Symposium: New World New Capitalism

Paris, 07/01/2010

Have we managed the crisis well?

The best that can be said is that we have managed the crisis better than they did in the 1930s. This time governments did not cut spending as tax revenues plummeted. This time, at least in the EU, we have had welfare states to provide social security and some active labour market policies instead of the mass poverty and unemployment of the 1930s.

The irony, of course, is that prior to the crisis, high public spending and our relatively strong welfare states in Western Europe at least were widely portrayed as barriers to competitiveness and better economic performance. Yet in the crisis, they have demonstrated their value in providing stability, and are now celebrated as ‘automatic stabilisers’.

So we have done better that we did in the 1930s. But there can be no room for self congratulation or complacency. As Martin Wolf said in the Financial Times of December 30 – we have prevented the patient from dying, not returned it to health. The global economy is very fragile and in many countries problems will get worse before they get better.

Unemployment continues to rise in most countries, with young people especially hard hit. Whatever the economic technicalities, no end will be seen to the recession in the popular mind until unemployment is falling and falling quickly.

Action to give all Europe’s unemployed young people a guarantee of jobs, education or training is now a very urgent priority. We risk driving many young people to despair with all the personal and social consequences which come from that. I pick out one – the growth of racism and the risks of conflicts with blameless immigrant and migrant workers. This risk increases with rising unemployment and deprivation.

A second problem is that we have very high public borrowing – not because of fiscal irresponsibility but because of massive failure in the financial services world. Many are worried by the levels of public debts being incurred and there is pressure to adopt exit strategies. Yet high public spending must continue in 2010 and for as long as the private sector remains flat. We must hold our nerve, not panic, and we must reject premature pressures to exit from applying the stimuli. The last thing we need is a tough round of public spending cuts which could well turn recession into depression. Indeed, we need an entry strategy to bring in new industry and labour market policies when the macroeconomic stimulus programmes are being eased down, policies which facilitate entry, or re-entry, into jobs and a greening of the economy.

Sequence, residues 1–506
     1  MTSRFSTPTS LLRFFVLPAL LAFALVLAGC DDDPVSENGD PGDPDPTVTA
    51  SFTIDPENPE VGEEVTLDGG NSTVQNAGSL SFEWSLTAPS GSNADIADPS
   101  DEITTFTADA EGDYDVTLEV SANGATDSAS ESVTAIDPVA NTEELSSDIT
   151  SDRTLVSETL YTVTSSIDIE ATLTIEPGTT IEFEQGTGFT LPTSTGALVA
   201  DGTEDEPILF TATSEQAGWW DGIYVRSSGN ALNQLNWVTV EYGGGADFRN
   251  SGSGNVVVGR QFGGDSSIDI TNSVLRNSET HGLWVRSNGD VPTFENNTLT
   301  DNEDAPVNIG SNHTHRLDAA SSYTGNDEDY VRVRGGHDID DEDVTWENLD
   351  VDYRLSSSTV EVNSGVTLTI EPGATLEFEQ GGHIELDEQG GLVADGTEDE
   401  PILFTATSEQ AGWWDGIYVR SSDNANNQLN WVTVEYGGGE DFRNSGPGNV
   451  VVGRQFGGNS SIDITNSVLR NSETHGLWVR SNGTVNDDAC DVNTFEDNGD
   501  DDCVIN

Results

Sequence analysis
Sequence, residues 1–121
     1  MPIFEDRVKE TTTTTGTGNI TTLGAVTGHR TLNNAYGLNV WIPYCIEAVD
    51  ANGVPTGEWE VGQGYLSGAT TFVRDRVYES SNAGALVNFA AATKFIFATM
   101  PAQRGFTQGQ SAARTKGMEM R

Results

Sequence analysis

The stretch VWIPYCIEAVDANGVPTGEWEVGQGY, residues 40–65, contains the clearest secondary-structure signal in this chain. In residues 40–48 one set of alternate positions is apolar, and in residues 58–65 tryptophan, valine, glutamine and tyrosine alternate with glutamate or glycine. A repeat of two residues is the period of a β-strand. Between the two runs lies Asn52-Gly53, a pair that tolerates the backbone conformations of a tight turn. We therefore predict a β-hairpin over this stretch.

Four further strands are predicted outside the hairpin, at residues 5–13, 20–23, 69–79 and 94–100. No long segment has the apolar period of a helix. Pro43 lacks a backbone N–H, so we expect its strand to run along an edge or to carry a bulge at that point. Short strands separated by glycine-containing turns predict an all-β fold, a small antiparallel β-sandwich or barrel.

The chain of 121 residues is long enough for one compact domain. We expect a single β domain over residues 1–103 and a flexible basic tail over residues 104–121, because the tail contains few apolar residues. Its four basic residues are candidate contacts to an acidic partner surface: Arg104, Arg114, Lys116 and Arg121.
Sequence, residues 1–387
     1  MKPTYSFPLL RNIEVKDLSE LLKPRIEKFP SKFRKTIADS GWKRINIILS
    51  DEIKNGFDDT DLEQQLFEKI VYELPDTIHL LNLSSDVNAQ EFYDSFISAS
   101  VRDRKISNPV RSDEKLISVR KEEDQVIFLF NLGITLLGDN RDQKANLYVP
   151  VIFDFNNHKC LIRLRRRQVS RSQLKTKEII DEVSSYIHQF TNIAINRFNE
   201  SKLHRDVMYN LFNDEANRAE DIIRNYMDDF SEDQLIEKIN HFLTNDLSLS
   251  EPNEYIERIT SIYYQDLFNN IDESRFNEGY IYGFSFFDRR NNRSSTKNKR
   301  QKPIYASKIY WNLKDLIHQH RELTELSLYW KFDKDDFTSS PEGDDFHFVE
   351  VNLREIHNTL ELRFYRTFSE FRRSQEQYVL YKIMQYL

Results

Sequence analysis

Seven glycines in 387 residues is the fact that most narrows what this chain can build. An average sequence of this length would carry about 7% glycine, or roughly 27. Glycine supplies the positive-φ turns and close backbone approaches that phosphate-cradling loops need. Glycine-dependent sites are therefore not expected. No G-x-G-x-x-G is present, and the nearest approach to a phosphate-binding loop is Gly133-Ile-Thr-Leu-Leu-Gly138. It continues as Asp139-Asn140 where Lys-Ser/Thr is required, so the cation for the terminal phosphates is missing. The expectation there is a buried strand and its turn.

Next, despite huge support packages, the financial system is still in a deep trouble, and it is clear that governments are not yet sure how to reform it. The sector is pressing hard for a return to business – and bonuses – as usual, with some success, blackmailing governments that it will emigrate if subjected to tough new rules.

In contrast, the ETUC is pressing that “never again” can this sector be allowed to inflict such damage on the world’s economy. Effective regulation at European and world levels is essential so closing off loopholes and tax havens. Getting all this right is proving a difficult task but it is essential that this becomes a top priority in 2010. The adoption of a transaction tax on financial services would be a big step in the right direction.

The economic crisis is a moral crisis too. The system of short-term deal making has been swamping the social market economy. It needs to be curbed by changes to corporate governance and accountancy practices. Companies should be responsible to all their stakeholders, not just shareholders. The present system lacks solidarity, increases inequality and is not sustainable.

This is not just an economic and moral crisis. There is also the crisis of global warming which was wholly inadequately addressed in Copenhagen. There Europe found itself marginalised as four large countries drafted the communiqué. We were not apparently in the room. This was a European failure and we need to assess why we were left on the sidelines in Copenhagen when we claim to be a leader in environmental matters.

Finally, this example highlights the need for a stronger EU. We need an effective EU-wide recovery plan focused especially on guarantees for young people and precarious workers; on industry and research and development policies to sustain manufacturing in the EU and to green our economy; and an effective social dimension which gives workers and others confidence that Europe is not just a single market for business, but is for people too.

And, as President Van Rompuy said on Monday, if Europe cannot improve its growth rates, then we are heading for less influence on world affairs in general as well as facing the problem of sustaining our welfare states and public services.

So, there are absolutely no grounds for complacency or self-congratulation. Thank heavens that we did not follow President Hoover and the other leaders of the 1930s. But the foundations of the global economy have been shown to be dangerously fragile and we are a long, long way from being out of the crisis.